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Member
Joined: Jan 23 2017
Posts: 20

Hi All. So I know I went ghost for a long while but am back and hoping to be more active...

Anyhow, does anyone know the length of the alternator link lead YSB106340 described in Technical Bulletin Number 0010 CDS. ref L8450bu Issue 2 dated 06.10.99? Instead of spending USD 60 on an official one, I can spend less than a third of that for an alternative here: https://www.wiringproducts.com/pre-made-battery-cables. It seems it's just a straight wire, after all.

For context, I'm debugging an intermittently functioning AC compressor, and I came across the aforementioned bulletin. I have the compressor link harness kit (YMQ104590AA) on order and should be getting it in about a couple of weeks.

Thanks!

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Joined: Dec 30 2015
Posts: 3399

Most common cause of an intermittent AC compressor is too large an air gap on the clutch. There isn't enough magnetism to pull it in but once in it will stay. Easy test is to set the HEVAC so it is trying to operate it and tap the clutch with a screwdriver handle. If it pulls in and stays in, then the air gap is too wide. If you take the front off, there are spacer washers behind it. Remove those until you have an air gap of between 18 and 30 thou.

If the link lead you are talking about is the additional one between the battery positive and the alternator (so giving an extra path rather than via the starter), just measure it. It's only short, about 18 inches would give enough slack to allow it to be routed neatly, I would think.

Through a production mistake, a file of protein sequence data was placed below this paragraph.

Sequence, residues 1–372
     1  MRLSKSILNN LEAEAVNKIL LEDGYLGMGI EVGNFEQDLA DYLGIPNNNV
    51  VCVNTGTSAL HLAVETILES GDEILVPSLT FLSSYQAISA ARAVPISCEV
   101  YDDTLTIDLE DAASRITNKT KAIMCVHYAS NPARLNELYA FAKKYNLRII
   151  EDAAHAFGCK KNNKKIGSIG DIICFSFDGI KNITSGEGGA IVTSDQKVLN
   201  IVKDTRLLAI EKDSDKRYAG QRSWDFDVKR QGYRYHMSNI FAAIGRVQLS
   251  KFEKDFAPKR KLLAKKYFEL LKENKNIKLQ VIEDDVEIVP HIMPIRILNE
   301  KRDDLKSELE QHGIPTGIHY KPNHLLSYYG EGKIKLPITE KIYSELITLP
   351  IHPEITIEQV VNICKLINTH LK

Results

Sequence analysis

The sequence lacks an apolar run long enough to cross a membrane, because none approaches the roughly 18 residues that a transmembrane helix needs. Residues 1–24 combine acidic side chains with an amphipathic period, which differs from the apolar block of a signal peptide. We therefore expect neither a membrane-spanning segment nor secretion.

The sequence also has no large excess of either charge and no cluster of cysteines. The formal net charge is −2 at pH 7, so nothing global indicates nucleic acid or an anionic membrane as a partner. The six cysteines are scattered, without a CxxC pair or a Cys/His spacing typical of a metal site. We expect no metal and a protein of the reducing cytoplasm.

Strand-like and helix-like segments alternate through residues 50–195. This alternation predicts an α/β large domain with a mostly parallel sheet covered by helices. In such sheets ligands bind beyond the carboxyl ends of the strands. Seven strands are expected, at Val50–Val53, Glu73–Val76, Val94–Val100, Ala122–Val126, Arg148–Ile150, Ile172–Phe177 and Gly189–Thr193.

Member
Joined: Jan 23 2017
Posts: 20

Thanks, Gilbert.

I have read about the air gap. I'll need to find some garage or shop with a feeler gauge as I don't see them in the usual places here (hardware stores etc.) to purchase myself.

My unit apparently was never upgraded with the new compressor link harness kit (no additional relay RL10 or fuse, no resistor by the left hand side of the radiator, no harness period). They're supposed to be a sort of mandatory install for units until '99 (prior to VIN XA 411503).

Supposedly without the link harness the clutch can receive less than 11.5v thereby causing a weak "pull" which can cause an otherwise working clutch to sort of engage but not mate solidly hence some play and grinding, causing the air gap to increase (more rapidly) over time? My compressor (with clutch) was new in April 2016. This isn't my daily driver, so hopefully the clutch is still in good condition (i.e., air gap still okay).

Member
Joined: Jan 23 2017
Posts: 20

Btw, if anyone is interested in the technical bulletin referred to above, let me know. Had a hard time finding the actual bulletin, and found exactly one badly watermarked resource. I had to go through some hoops (well, a friend did haha) to extract the thing from RAVE as a normal PDF.